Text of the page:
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Macbeth, LA Opera

On Thursday evening October 13, Los Angeles Opera transmitted Giuseppe Verdi’s Macbeth live from the Dorothy Chandler Pavilion, in the center of the city, to a pier in Santa Monica and to South Gate Park in Southeastern Los Angeles County. My companion and I saw the opera in High Definition on a twenty-five foot high screen at the park.

Jamie Barton at the Wigmore Hall

“Hi! … I’m at the Wigmore Hall!” American mezzo-soprano Jamie Barton’s exuberant excitement at finding herself performing in the world’s premier lieder venue was delightful and infectious. With accompanist James Baillieu, Barton presented what she termed a “love-fest” of some of the duo’s favourite art songs. The programme - Turina, Brahms, Dvořák, Ives, Sibelius - was also surely designed to show-case Barton’s sumptuous and balmy tone, stamina, range and sheer charisma; that is, the qualities which won her the First and Song Prizes at the 2013 BBC Cardiff Singer of the World Competition.

The Nose: Royal Opera House, Covent Garden

“If I lacked ears, it would be bad, but still more bearable; but lacking a nose, a man is devil knows what: not a bird, not a citizen—just take and chuck him out the window!”

Věc Makropulos in San Francisco

A fixation on death at San Francisco Opera. A 337 year-old woman gave it all up just now after only six years since she last gave it all up on the War Memorial stage.

The Pearl Fishers at English National Opera

Penny Woolcock's 2010 production of Bizet's The Pearl Fishers returned to English National Opera (ENO) for its second revival on 19 October 2018. Designed by Dick Bird (sets) and Kevin Pollard (costumes) the production remains as spectacular as ever, and ENO fielded a promising young cast with Claudia Boyle as Leila, Robert McPherson as Nadir and Jacques Imbrailo as Zurga, plus James Creswell as Nourabad, conducted by Roland Böer.

Academy of Ancient Music: The Fairy Queen at the Barbican Hall

At the end of Shakespeare’s A Midsummer Night’s Dream, Theseus delivers a speech which returns to the play’s central themes: illusion, art and the creative imagination. The sceptical king dismisses ‘The poet’s vision - his ‘eye, in a fine frenzy rolling’ - which ‘gives to airy nothing/ A local habitation and a name’; such art, and theatre, is a psychological deception brought about by an excessive, uncontrolled imagination.

Vaughan Williams and Friends: St John's Smith Square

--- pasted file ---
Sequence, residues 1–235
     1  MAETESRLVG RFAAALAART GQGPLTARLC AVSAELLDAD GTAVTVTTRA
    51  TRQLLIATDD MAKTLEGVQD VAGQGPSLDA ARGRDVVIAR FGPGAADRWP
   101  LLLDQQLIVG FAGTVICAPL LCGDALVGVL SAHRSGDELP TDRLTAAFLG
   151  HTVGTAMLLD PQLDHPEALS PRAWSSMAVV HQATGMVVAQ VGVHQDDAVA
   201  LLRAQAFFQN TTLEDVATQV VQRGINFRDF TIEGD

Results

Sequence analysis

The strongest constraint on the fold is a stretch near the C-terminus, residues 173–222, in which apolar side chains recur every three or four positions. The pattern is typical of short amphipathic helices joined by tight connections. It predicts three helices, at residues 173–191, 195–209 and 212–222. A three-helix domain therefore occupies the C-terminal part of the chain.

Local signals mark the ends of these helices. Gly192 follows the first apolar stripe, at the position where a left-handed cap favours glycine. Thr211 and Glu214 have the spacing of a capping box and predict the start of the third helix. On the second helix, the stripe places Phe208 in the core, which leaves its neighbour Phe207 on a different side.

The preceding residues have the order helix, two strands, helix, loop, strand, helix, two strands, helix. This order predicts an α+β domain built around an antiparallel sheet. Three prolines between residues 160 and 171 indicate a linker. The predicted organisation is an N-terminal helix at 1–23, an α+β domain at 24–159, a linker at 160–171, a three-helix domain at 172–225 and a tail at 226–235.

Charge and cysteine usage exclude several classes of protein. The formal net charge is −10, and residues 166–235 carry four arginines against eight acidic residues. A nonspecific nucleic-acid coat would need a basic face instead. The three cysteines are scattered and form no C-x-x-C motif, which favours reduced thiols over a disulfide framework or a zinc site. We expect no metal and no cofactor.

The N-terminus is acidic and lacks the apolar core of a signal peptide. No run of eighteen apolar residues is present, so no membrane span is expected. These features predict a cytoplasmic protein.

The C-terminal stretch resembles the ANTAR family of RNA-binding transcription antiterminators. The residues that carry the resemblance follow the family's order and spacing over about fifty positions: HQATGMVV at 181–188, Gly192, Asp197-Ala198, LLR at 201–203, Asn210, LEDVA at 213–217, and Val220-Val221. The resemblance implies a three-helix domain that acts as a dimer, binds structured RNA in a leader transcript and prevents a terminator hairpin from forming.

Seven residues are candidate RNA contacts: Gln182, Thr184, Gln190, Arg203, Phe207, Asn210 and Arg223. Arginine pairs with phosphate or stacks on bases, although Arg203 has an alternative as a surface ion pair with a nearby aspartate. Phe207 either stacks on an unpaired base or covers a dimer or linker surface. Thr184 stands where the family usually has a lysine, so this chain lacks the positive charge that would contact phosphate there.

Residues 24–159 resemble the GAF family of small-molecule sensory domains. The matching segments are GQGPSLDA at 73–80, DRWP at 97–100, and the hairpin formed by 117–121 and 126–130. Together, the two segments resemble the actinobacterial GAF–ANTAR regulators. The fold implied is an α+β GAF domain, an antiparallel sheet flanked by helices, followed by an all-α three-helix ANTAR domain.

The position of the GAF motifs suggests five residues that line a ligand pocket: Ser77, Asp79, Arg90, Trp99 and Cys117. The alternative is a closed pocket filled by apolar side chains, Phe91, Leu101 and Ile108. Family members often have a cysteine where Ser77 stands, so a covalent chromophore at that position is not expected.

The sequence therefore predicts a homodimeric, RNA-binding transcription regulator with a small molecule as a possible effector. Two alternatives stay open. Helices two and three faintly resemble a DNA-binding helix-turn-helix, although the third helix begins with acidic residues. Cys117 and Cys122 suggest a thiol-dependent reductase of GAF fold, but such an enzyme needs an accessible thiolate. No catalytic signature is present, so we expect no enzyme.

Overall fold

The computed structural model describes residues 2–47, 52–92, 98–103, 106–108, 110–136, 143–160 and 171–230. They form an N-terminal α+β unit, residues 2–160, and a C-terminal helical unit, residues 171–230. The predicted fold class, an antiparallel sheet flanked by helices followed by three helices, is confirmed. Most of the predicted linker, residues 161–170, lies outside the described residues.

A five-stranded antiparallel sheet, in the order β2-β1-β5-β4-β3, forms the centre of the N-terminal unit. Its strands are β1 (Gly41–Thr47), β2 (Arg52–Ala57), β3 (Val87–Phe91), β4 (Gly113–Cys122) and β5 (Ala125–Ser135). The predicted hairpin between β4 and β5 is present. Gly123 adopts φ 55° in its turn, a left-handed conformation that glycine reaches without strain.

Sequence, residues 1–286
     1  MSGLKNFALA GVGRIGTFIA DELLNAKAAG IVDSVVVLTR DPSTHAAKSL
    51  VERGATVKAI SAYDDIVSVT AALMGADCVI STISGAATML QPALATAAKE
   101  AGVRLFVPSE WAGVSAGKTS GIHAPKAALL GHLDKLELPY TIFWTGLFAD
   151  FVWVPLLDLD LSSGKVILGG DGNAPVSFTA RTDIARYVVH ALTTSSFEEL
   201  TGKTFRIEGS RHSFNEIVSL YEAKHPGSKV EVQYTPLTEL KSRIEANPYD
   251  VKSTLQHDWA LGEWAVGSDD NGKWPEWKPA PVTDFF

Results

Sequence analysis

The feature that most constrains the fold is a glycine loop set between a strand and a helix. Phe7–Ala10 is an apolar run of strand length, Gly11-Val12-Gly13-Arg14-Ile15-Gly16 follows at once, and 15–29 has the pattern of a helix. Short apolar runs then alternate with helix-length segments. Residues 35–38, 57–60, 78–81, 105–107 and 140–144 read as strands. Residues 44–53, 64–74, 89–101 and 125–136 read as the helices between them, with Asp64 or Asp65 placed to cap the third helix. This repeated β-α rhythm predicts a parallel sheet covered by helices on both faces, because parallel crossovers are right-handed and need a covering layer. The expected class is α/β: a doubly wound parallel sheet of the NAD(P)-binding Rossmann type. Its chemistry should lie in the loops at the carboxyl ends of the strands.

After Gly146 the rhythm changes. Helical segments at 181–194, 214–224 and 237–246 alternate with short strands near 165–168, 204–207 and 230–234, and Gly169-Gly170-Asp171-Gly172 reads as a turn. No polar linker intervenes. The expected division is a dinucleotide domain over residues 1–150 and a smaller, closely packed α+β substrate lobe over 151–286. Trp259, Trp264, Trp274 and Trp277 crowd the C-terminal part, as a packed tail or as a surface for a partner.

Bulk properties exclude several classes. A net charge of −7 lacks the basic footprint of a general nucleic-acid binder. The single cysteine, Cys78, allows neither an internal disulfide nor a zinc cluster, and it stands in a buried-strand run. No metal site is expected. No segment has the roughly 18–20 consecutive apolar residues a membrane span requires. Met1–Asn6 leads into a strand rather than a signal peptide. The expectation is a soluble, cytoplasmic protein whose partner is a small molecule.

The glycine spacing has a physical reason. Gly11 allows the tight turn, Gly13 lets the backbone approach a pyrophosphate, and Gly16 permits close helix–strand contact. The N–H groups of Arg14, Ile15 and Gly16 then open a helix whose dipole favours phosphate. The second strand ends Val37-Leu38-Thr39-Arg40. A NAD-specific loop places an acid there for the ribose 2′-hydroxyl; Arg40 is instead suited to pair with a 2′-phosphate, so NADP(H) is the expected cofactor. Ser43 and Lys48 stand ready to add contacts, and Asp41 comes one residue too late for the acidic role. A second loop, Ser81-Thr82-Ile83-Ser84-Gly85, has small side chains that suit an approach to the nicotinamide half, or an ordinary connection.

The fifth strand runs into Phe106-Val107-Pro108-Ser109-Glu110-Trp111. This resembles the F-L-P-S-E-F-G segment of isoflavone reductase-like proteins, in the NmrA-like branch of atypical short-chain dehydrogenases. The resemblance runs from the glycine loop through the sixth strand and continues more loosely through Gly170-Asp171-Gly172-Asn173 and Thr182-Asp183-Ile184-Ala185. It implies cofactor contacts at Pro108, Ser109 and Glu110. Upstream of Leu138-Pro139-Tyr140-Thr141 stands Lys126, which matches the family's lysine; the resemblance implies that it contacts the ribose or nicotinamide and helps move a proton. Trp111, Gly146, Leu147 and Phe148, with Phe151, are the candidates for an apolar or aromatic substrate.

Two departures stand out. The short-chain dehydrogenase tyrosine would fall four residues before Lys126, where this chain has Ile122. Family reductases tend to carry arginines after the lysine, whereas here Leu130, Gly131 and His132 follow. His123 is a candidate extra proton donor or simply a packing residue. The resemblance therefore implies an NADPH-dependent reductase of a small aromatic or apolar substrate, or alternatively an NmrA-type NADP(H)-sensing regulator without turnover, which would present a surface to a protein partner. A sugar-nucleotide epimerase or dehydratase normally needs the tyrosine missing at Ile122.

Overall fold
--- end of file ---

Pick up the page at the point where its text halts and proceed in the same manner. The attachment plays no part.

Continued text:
Following the success of previous ‘mini-festivals’ at St John’s Smith Square devoted to Schubert and Schumann, last weekend pianist Anna Tilbrook curated a three-day exploration of the work of Ralph Vaughan Williams and his contemporaries. The music performed in these six concerts was chosen to reflect the changing contexts in which it was composed and to reveal the vast changes in society, politics and culture which occurred during Vaughan Williams’ long life-time (1872-1958) and which shaped his life and creative output.

Bloodless Manon Lescaut at DNO

Trying to work around Manon Lescaut’s episodic structure, this new production presents the plot as the dying protagonist’s feverish hallucinations. The result is a frosty retelling of what is arguably Puccini’s most hot-blooded opera. Musically, the performance also left much to be desired.

English Touring Opera: Xerxes

It is Herodotus who tells us that when Xerxes was marching through Asia to invade Greece, he passed through the town of Kallatebos and saw by the roadside a magnificent plane-tree which, struck by its great beauty, he adorned with golden ornaments, and ordered that a man should remain beside the tree as its eternal guardian.

English National Opera: Tosca

Poor Puccini. He is far too often treated as a ‘box-office hit’ by our ‘major’ opera houses, at least in Anglophone countries. For so consummate a musical dramatist, that is something beyond a pity. Here in London, one is far better advised to go to Holland Park for interesting, intelligent productions, although ENO’s offerings have often had something to be said for them.

Don Pasquale in San Francisco

With only four singers and a short-story-like plot Don Pasquale is an ideal chamber opera. That chamber just now was the 3200 seat War Memorial Opera House where this not always charming opera buffa is an infrequent visitor (post WWII twice in the 1980’s after twice in the 40’s).

“Written in fire”: Momenta Quartet blazes through an Indonesian chamber opera

“Yang sementara tak akan menahan bintang hilang di bimasakti; Yang bergetar akan terhapus.” (“The transient cannot hold on to stars lost in the Milky Way; that which quivers will be erased.”) As soprano Tony Arnold sang these words of Tony Prabowo’s chamber opera Pastoral, with astonishingly crisp Indonesian diction, the first night of the second annual Momenta Festival approached its end.

English National Opera: Don Giovanni